This post is part of our Non Sequitur Fridays series, which will feature a different Wistian's take on a non-Wistia-related topic each week. It's like our "employee of the month" but less "of the month"-y. Elise Ramsay is community manager at Wistia. Her last Non Sequitur was about painting a street piano.
I just got back from Comic-Con International in San Diego, and I learned a lot. I learned that 3 margaritas are enough, that stormtroopers are surprisingly adequate dancers, and that I have a terrible weakness for baby cosplay.
Besides those things, I also learned a few important lessons we can all apply to life and work every now and then:
1. Great things happen when people feel like they belong.
One of the most striking things about Comic-Con was that everyone was pleasant, happy, and patient. Even with around 150,000 attendees clogging every pathway, crosswalk, and room in downtown San Diego, I didn't witness shouting or shoving.
Why is it that, for the most part, this classically stressful environment results in friendly folks en mass? Because they belong.
It's no wonder Maslow placed belonging before personal achievement on the hierarchy of needs, only after survival and safety: belonging to a group is incredibly powerful. It affirms your sense of self and augments your identity by being part of something greater.
For many, Comic-Con is the one time of year when they can walk around as their true selves and celebrate interests that, perhaps even because they're often kept private, are critical to their identity. Many different fandoms and communities converge on Comic-Con, yet they all have a shared appreciation for fandom itself. In many ways, they have a shared story.
As a result, Master Chief asks kidlet Iron Men for selfies, and Darth lets Pikachu cut in line. No matter their mask or fandom, they all belong.
2. No matter how many people know your name, you're still human.
I didn't manage to buy Channing Tatum a beer, but I did interview and come fairly close to some other well-known folks. Surprise, surprise: they are humans. They look awkward when waiting in line for the red carpet, sweaty and uncomfortable when it's too hot, and tired after a red eye from Scotland.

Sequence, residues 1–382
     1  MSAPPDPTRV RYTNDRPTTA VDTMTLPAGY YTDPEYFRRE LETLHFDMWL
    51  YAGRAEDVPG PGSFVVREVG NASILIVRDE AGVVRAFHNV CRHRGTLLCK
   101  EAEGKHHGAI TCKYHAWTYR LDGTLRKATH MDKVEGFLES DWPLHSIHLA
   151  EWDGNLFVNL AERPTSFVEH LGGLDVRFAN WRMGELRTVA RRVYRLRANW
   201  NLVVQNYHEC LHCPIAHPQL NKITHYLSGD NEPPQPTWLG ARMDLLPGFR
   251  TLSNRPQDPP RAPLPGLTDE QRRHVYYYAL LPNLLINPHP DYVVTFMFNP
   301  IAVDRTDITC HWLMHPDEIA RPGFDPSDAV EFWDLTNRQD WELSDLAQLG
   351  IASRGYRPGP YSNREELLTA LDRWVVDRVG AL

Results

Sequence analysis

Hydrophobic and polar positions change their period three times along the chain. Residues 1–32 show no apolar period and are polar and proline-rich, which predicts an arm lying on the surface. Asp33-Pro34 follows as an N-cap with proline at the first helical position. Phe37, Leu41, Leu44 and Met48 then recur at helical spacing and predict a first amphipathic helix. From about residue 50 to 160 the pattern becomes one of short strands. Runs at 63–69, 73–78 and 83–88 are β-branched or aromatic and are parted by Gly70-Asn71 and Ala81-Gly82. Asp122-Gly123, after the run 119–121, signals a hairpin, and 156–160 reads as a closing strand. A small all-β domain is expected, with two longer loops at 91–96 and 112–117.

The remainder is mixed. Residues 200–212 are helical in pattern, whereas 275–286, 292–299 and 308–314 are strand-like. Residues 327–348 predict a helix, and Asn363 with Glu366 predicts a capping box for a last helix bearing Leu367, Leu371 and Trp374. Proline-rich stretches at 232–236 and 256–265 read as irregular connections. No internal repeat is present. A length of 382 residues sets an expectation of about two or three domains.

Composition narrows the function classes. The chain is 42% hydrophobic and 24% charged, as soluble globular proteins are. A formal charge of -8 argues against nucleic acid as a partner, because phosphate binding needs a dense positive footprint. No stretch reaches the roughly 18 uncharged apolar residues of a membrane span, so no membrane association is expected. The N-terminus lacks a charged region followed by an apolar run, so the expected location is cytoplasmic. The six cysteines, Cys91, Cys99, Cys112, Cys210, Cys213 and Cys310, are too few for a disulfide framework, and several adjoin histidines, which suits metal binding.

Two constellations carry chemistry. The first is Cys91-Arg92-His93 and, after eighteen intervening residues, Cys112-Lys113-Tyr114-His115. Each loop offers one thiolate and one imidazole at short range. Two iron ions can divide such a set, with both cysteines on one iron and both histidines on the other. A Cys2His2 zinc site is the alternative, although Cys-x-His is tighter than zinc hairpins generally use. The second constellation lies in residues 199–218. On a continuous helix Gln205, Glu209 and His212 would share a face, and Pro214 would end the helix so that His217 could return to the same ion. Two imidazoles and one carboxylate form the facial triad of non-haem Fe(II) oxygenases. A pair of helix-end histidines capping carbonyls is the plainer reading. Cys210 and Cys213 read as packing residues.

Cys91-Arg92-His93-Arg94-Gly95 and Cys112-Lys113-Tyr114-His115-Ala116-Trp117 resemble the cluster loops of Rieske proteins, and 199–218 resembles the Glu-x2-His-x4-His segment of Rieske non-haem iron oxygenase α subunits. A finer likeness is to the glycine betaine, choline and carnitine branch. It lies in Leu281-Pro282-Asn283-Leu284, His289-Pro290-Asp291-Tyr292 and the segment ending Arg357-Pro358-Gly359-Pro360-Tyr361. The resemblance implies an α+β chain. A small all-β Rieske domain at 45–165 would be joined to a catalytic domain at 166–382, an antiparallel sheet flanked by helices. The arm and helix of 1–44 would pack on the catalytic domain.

I spotted a well known TV star, stumbling-up-the-escalator-drunk, having a loud fight with her boyfriend in a crowded hotel lobby. It was an ugly moment, but an oddly comforting one.
Celebrities of any sort are not made of different stuff than us plebes. Often, they're not even motivated by different things. Their circumstances and context are different from ours, but they are not different.
Your Klout score or keynote history doesn't make you more or less human, and it shouldn't hold you back from talking to people with greater "success." More often than not, you'll find that everyone is delighted to be treated just like another person.
3. If you walk like you know where you're going, you'll go far.
Yep, this boils down to "fake it 'til you make it." But it's so true! I got into so many places I shouldn't have had access to, simply because I held my head up and walked in like I was supposed to be there.
Assuming you're not allowed to do something is the best way to ensure it never happens. Want something? Approach it with respect and confidence, and you might be surprised.
There's certainly a karma caveat here: use these powers of confidence and swagger for good, and they will continue to be fruitful. Abuse them, and people will notice.
4. You can make anything out of LEGOs.
Those tiny, inter-connective pieces of plastic can build amazing things.
I've extracted two lessons from this:
First, throw out your definition of "childish." Objects of nostalgia and activities that exercise our imagination aren't necessarily immature or childlike. It's so important to stretch your mind and put your whole heart into something, just like you might have done as a kid. Make something and see how it feels afterward.
Second, incredible things are almost always made from many smaller things, each doing their part. If you look closely at most big projects, you can see all the people and steps that made it possible. They're all individually important.
5. People are a lot more daring when masked.
Masks aren't always a bad thing! Sometimes, it's just what someone needs to have the courage to do something they really want to try. Be it grabbing the face of a girl who asks for a selfie, making their first video, or going for trapeze lessons, as long as it's not hurting anyone, some goals seem less scary with some sort of protection.
If you find yourself butting heads with someone or unable to understand why they feel uncomfortable, think about what kind of buffer could help them feel more at ease. Likely, they don't want their performance to reflect badly on their actual self, so what can you put in place to relieve this pressure? Maybe they need to co-author something, or shake it up with a bit of humor. It's not always a physical face mask, is what I'm saying.
Working with someone who wants to get on camera, but is feeling stiff? Put them in a cockroach costume! Not that we'd know anything about that...
6. Behind every glamorous shot or premiere is a dumpster.
Literally. Red carpets are not that glamorous, you guys.
Have you been to any conventions like this? What was your experience like? Related question: have you ever danced with a stormtrooper?